“The King’s Speech” garnered four golden statues at the 2011 Academy Awards ceremony, including the Oscar for Best Actor for Colin Firth’s riveting portrayal of King George VI. The film’s depiction of George VI’s lifelong struggle with stuttering has brought a renewed awareness to the speech disorder that affects over sixty-eight million people worldwide. What is the origin of this disorder and how did it get its name?
Stutter, or the Greek alalia syllabaris, is onomatopoeic – a word that suggests the sound that it describes – derived from the Middle English stutte or “stop.” The evolution of the word can be found in John Skelton’s 1529 verse: “Her fellow did stammer and stut.”
Stuttering is a communication disorder in which the flow of speech is fractured by involuntary repetitions and prolongations of sounds and syllables. Stuttering is usually associated with verbal repetition; it is also defined as an irregular hesitation before speech – commonly referred to as “blocks.” The disorder is believed to have its origin in both genetics and brain development. While the mechanisms of stuttering aren’t generally about the physical production of putting thoughts into words, the stress and anxiety experienced by a person may exacerbate the problem. The disorder is variable – in other words, depending on the situation, the stutter may be more or less severe.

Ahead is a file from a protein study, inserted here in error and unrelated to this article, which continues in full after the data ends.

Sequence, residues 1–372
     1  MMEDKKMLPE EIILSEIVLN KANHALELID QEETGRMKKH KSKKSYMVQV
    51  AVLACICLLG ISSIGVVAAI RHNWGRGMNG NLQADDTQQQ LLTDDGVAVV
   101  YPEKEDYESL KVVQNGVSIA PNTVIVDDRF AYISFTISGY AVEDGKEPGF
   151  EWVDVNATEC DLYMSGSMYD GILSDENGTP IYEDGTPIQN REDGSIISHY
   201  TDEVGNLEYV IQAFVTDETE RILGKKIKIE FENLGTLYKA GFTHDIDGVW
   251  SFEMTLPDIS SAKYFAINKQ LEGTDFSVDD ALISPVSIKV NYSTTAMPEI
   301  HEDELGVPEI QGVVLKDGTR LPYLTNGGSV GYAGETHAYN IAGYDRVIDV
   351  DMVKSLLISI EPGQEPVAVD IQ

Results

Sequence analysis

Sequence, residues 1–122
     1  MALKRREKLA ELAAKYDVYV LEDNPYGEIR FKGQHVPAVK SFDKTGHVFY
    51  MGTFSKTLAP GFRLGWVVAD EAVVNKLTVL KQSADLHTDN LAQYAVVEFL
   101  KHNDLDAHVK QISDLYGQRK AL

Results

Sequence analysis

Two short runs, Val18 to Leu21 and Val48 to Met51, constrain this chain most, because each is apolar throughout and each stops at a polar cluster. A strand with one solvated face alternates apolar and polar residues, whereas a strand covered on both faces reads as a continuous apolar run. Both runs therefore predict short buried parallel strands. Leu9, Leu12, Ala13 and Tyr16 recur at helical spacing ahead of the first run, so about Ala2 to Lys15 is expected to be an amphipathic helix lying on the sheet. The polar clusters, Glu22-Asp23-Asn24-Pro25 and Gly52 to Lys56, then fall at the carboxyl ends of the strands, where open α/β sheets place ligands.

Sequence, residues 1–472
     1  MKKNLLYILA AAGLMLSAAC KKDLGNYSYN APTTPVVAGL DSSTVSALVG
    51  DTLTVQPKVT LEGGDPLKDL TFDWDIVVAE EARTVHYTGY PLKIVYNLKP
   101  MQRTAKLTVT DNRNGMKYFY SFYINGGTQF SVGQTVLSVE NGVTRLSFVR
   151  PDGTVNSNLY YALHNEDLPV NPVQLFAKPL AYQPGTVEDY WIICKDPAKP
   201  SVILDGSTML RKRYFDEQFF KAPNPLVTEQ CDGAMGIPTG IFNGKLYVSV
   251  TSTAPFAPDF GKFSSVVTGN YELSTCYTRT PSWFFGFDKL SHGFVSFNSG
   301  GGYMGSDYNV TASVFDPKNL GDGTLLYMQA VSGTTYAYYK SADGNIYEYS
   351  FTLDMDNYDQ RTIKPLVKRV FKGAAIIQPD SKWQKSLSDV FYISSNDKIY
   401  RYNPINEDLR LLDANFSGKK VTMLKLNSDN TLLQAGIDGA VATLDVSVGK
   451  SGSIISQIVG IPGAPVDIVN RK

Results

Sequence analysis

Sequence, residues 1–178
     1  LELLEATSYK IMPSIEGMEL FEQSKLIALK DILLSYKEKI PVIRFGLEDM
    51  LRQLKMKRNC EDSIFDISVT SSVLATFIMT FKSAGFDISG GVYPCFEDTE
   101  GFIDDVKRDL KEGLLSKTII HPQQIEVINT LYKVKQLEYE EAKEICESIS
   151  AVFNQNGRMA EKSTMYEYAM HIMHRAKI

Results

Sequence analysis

Winston Churchill stuttered – as did Marilyn Monroe and James Earl Jones. Jazz musician Scatman John wrote the song “Scatman (Ski Ba Bop Ba Dop Bop)” to help children overcome stuttering.
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